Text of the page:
The early money on who will be the new Secretary of Labor under President Trump is going to three people: Victoria Lipnic, a Republican appointed by President Obama to the EEOC and Asst. Secretary of Labor under George W. Bush; Andrew Puzder, CEO of CKE Restaurants (Carl’s Jr. and Hardee’s); and Wisconsin Governor Scott Walker.
Fed/OSHA’s leader for the last eight years, Dr. David Michaels, announced before the election that he would return to academia at the end of the year. When the dust settles in Washington DC, we can expect that the new Secretary of Labor, whoever he or she is, will not retain Michael’s second in command, Jordan Barab.
With their passing we can also expect that the mandates Michaels and Barab placed on the state–plan states to become Mini-Me’s of Fed/OSHA will pass as well, and that we will return to the “as effective as” standard in place of “exactly the same as.” State-plan states such as California will be free again to serve as laboratories for innovation in safety and health regulation and oversight.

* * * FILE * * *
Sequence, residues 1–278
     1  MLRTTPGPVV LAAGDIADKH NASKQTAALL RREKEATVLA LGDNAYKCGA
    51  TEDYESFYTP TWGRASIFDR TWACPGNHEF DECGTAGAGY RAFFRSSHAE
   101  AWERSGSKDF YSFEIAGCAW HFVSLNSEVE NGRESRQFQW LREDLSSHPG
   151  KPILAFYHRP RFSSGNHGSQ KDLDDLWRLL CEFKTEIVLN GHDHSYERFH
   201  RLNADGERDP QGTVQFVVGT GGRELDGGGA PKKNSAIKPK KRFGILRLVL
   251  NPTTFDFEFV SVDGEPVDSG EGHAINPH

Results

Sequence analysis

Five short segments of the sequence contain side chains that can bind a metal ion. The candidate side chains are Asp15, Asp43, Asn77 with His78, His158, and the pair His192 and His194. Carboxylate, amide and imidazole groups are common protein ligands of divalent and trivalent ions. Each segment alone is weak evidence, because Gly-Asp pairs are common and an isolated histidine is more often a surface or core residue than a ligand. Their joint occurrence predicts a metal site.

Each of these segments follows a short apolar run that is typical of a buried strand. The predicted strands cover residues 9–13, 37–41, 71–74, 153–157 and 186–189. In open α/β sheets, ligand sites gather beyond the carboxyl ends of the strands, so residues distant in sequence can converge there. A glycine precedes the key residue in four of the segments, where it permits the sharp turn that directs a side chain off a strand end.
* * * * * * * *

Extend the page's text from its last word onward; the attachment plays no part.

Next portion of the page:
So what does that mean for California employers? Very little probably.
Before Obama Cal/OSHA was proud of being out front in the development of new regulations such as the IIPP, blood-borne pathogens and heat illness regulations, all of which have been copied by other states but still have no counterpart at the federal level.
But where Cal/OSHA once took pride in being in the vanguard of safety and health regulation and adopting alternative means to the same end, chiefs Ellen Widess and Juliann Sum were only too happy to adopt Fed/OSHA’s proposals without question. They never saw one they pushed back on strongly or countered with a different solution. Not silica. Not the demand that our definition of a “repeat” citation be the same as the Feds’. Not even the mandate to reduce the state’s fall threshold from 7 ½ feet to the federal 6, despite data that shows that our fall injury rate is lower than the Feds.
Cal/OSHA will go its own way again. We hope this means a less than wholesale adoption of the new recording rules, and especially the restriction on post-incident drug testing, as well as fall protection. We also hope that it means a return to greater transparency and a willingness to convene advisory committees before announcing a course of action. We can hope.